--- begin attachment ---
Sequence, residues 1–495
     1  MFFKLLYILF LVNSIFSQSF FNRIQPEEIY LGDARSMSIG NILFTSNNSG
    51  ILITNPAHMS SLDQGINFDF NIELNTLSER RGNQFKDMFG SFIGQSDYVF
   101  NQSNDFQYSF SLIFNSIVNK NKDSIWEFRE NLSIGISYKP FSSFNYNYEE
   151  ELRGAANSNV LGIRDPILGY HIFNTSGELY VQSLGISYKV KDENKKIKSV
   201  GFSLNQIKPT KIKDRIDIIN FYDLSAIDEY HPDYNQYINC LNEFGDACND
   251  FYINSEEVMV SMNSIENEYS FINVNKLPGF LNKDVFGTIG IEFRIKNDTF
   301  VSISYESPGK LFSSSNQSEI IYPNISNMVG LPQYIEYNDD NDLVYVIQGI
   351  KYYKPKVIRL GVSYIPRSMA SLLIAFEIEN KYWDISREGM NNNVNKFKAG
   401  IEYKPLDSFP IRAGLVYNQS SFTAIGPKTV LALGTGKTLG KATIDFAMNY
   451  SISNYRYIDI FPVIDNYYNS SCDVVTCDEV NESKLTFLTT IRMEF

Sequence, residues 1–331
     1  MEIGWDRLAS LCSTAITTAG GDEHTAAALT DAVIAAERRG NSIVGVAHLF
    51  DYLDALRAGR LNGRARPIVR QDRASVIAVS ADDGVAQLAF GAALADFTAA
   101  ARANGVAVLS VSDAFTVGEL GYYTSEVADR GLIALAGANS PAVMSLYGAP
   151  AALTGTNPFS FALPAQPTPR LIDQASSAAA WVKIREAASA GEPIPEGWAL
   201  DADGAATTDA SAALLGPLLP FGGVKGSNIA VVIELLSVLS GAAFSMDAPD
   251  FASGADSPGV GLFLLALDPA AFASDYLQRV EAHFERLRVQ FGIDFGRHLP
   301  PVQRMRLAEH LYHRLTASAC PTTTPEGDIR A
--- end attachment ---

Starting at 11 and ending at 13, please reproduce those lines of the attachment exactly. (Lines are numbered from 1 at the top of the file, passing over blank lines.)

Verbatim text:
   451  SISNYRYIDI FPVIDNYYNS SCDVVTCDEV NESKLTFLTT IRMEF

Sequence, residues 1–331
     1  MEIGWDRLAS LCSTAITTAG GDEHTAAALT DAVIAAERRG NSIVGVAHLF